An information project needs to offer some way for its users to navigate between alternative viewpoints. It is not good enough to lay out the competing claims, and their sources, and think people can devote the kind of time involved to checking it all out from first principles.

But studiously avoids being useful. Note the site’s citations of two main kinds of scepticism about the Chernobyl Forum’s conclusions:

“The report, which acknowledges only hard-and-fast scientific findings, has been severely criticised by independent Chernobyl experts, environmental organisations and Chernobyl relief organisations, who claim that it plays down the impact of the disaster and goes in the face of earlier studies. Some of its statements, moreover, are provably false.”

Its examples of these supposed falsities were examined in the Chernobyl Forum’s report and found wanting.

In passing, one wonders what other than “hard and fast scientific findings” are of real interest, and who – or its editors at SDC and now UNDP – consider to be “independent Chernobyl experts”. I assume they mean: partisan anti-nuclear, environmental and Chernobyl relief organisations.

Does mean that such people were independent of international bodies such as the eight UN organisations, the World Bank and leading scientific experts from Ukraine, Belarus and Russia? Does “severely criticised” mean the same as “seriously criticised”, or merely mean “strongly”, or “ardently” criticised?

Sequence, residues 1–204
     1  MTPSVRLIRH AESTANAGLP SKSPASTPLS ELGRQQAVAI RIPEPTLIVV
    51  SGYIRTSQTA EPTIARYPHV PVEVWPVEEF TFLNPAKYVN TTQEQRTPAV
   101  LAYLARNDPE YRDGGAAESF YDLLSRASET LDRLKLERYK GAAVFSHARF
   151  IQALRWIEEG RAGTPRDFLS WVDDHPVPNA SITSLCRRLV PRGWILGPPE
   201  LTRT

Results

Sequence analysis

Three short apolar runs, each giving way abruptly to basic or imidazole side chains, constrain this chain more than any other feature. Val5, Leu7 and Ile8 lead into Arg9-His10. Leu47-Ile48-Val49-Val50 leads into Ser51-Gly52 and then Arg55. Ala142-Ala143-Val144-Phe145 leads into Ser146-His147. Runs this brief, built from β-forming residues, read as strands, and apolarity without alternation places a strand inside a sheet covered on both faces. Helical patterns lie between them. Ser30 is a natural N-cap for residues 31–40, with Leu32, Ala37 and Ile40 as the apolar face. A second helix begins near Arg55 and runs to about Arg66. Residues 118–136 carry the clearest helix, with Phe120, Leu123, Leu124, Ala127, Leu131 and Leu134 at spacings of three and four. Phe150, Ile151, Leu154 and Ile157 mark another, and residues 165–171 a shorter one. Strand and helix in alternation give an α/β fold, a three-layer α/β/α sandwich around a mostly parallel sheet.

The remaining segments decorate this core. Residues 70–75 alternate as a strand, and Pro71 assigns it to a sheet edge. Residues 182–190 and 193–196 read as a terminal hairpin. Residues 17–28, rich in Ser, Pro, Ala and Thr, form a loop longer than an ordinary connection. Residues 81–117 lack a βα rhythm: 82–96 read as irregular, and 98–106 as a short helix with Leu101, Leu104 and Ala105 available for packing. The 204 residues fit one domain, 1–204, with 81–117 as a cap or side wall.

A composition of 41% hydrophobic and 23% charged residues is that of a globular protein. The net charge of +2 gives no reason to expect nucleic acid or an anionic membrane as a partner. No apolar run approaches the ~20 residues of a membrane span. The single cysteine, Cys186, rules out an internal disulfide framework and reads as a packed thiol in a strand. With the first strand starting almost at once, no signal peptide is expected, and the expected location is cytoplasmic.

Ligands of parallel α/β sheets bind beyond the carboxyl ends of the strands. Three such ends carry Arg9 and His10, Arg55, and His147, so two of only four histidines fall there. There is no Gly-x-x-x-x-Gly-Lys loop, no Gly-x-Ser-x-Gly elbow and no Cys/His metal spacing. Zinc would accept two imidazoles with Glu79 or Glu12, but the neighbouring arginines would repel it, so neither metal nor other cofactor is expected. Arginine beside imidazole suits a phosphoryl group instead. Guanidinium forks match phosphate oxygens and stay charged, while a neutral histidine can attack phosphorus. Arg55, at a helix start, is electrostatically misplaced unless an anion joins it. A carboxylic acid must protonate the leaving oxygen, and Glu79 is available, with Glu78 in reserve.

The scandal of Swiss government and UN involvement
It was at least very odd that the Swiss Agency for Development and Cooperation (SDC), an arm of the Swiss Foreign Ministry, appeared to still dispute the evidence compiled by the international community as late as 2010. This sort of material might not matter if was an independent site run by activists; but it isn’t.

The difficulty seems likely to be that’s editors believe that their duty is to the passion, commitment and anxiety of people who are affected or worried by Chernobyl.

The problem seems to be a sort of multiculturalism.’s view seems to be that the UN and all its experts, including UNDP’s own scientific advisers, have an opinion based on rigorous investigation, but it is no more valuable than those of people who dispute it. Indeed, it seems fair to give special weight to “local” or “regional” “communities” and non-governmental organisations who may be under-resourced.

It is worth noting that the UN bodies themselves seem schizophrenic. On the one hand they seem to want to be honest to the facts in the Chernobyl Forum report. On the other, they want to appear friendly toward the anti-nuclear campaigners and local groups who dispute it – even when their own governments don’t.

This anomaly is probably explained by the fact that UN bodies, such as UNDP, have traditionally welcomed any well-funded projects which can be thought to help people living in what are undisputedly deprived regions.

All that would be acceptable were it not for the fact that it is the myth itself which is doing so much more harm than the radiation.

In short, seems to have been hijacked by people who have a particular emotional response to the Chernobyl accident. They appear determined not to let go of their existing work no matter what evidence is produced to undermine their pre-judged conclusions.